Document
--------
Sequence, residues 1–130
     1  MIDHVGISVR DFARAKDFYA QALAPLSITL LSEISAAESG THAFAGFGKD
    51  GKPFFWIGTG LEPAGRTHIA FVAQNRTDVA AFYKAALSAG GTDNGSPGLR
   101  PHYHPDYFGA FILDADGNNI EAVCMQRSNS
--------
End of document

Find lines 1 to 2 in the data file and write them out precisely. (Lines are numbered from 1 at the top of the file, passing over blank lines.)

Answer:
Sequence, residues 1–130
     1  MIDHVGISVR DFARAKDFYA QALAPLSITL LSEISAAESG THAFAGFGKD